of the others could then have surmised that even
for its own well-being an isolated and insignificantly
small nation had been charged with the arduous
task of the preceptive office.

The Sinaitic teachings were not of an ephemeral
nature, even in regard to their form. Being en-
graven on tables of stone, they could be easily
remembered by successive generations. During a
long period these inscribed slabs remained in the
custody of the Israelites, and were called " the
Tables of the Testimony," or " the Tables of the
Law." Being placed in an ark, which became a
rallying centre, round which Moses used to assemble
the elders of the families, these tables served as a
sign of the Sinaitic Covenant. They formed a link
between God and the people who had formerly been
trodden under foot, and who were now bidden to
own no other Lord save the One from whom the Law
had gone forth. It was for this reason that the ark,

CH. I. THE LAW. 23

as the repository of the tables, was designated " the
Ark of the Covenant." The ethical truths of Sinai
became henceforth the basis for a new system of
morality, and for the national constitution of the
Israelites. These truths were further developed in
special laws which had a practical bearing upon the
public and private affairs of the people. Slave-
holders and slaves were no longer to be found
amongst the Israelites. The selling of Israelites as
slaves, and perpetual servitude of an Israelite became
unlawful. A man who forfeited his liberty was liable
to be held in service during six years, but in the
seventh year he regained his freedom. Wilful murder
and disrespect to parents were punishable with death.
The sanctuary could give no protection to criminals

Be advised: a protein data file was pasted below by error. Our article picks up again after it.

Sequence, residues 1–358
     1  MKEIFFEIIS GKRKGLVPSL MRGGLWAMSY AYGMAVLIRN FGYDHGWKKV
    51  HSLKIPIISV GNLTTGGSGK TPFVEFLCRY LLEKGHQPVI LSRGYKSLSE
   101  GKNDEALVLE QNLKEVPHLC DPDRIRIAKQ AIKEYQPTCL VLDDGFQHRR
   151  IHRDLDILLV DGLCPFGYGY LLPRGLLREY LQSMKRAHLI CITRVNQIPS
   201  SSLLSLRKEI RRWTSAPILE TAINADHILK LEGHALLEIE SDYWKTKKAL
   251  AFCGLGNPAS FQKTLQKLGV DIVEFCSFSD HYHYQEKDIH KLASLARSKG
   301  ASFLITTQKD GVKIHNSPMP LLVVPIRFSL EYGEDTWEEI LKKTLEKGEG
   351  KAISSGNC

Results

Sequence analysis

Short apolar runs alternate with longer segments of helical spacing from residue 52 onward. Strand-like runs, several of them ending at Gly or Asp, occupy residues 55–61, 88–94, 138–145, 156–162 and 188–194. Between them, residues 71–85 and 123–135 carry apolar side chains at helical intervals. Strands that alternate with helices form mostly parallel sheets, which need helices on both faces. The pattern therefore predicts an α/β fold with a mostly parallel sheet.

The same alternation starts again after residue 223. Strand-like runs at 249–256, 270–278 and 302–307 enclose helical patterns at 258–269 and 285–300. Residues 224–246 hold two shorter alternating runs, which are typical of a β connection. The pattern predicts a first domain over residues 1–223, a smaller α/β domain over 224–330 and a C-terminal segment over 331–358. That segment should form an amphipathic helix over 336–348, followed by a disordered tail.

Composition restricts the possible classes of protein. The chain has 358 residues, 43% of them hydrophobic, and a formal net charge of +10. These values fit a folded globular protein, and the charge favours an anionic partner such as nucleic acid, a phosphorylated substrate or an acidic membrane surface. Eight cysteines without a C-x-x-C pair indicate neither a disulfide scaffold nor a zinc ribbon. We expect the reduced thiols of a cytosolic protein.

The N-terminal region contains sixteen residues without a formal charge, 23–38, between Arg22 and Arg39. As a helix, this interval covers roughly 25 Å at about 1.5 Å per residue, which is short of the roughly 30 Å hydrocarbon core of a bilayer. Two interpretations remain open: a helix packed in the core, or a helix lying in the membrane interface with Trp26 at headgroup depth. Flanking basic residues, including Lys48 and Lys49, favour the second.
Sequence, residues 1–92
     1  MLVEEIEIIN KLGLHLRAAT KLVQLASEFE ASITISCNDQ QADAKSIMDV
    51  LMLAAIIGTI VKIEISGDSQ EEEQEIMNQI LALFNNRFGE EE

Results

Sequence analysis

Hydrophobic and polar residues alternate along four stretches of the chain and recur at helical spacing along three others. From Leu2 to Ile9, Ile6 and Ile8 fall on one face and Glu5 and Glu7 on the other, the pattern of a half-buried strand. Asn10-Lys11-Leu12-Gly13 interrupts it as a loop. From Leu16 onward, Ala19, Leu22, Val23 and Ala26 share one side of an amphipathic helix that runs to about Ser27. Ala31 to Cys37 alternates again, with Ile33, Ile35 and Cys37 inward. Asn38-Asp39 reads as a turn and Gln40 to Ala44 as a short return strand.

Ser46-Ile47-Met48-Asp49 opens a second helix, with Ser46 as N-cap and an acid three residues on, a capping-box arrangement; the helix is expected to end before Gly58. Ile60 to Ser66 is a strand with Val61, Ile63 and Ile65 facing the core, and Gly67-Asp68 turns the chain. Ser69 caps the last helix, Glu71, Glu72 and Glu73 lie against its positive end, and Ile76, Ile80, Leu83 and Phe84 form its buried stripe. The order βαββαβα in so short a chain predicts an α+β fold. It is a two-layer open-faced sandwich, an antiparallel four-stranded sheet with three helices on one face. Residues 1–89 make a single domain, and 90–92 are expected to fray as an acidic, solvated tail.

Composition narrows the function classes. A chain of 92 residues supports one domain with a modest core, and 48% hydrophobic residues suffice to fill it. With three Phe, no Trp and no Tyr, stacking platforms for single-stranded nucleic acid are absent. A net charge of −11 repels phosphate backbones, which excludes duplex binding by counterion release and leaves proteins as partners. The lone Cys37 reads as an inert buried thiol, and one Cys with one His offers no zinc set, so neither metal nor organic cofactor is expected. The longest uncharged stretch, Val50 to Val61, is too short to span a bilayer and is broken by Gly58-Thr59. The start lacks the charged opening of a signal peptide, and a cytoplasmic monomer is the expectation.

condemned to die. The murder of a non-Israelitish
slave involved condign punishment. A gentile slave
ill-treated by his master recovered his liberty. A man
committing an offence on the virtue of a maiden was
bound to make her his wife, and to pay a fine to the
father of the injured woman. Equitable and humane
treatment of the widow and the orphan was en-
forced ; a similar provision was ordained for the
benefit of strangers who had joined one of the tribes.
The Israelites, in fact, were bidden remember their
former sojourn in a foreign land, and to refrain from
inflicting upon strangers the inhuman treatment
which they themselves had formerly endured.

This spirit of equity and brotherly love, pervading
the ancient code of laws, could not at once change the
habits of the people. The duties involved in these
laws were too spiritual and too elevated to have such
an effect. Moses having temporarily absented him-
self to make preparations for the reception of the
Sinaitic law, the dull-witted portion of the people
imagined that their God was abandoning them in
the desert, and they clamoured for the rule of a visible
Godhead. Aaron, who had taken the lead in the
absence of Moses, timorously yielded to this impe-


tuous demand, and countenanced the production of
a golden idol. This image of Apis or Mnevis received
divine homage from the senseless multitude who
danced around it. Moses, on descending from
Mount Sinai, ordered the Levites to put to death
some thousands of the people. Nothing but the
exercise of extreme rigour could have repressed
this worship of idols.

With the object of protecting the people from a
relapse into idolatry, and of supporting them during
their state of transition from barbarism, they were
allowed to form a conception of the Deity though
not by means of an image through some material
aid which would appeal to the senses. On Sinai
they had beheld flashes of lightning with flames of
fire, and from the midst of a burning cloud they had
heard the Ten Commandments. An emblem of this
phenomenon was now introduced to remind the
people of the presence of the Deity as revealed at
Sinai. It was ordained that a perpetual fire should
be kept alight on a portable altar, and be carried
before the tribes during their migrations. Not the
Deity Himself, but the revelation of the Deity at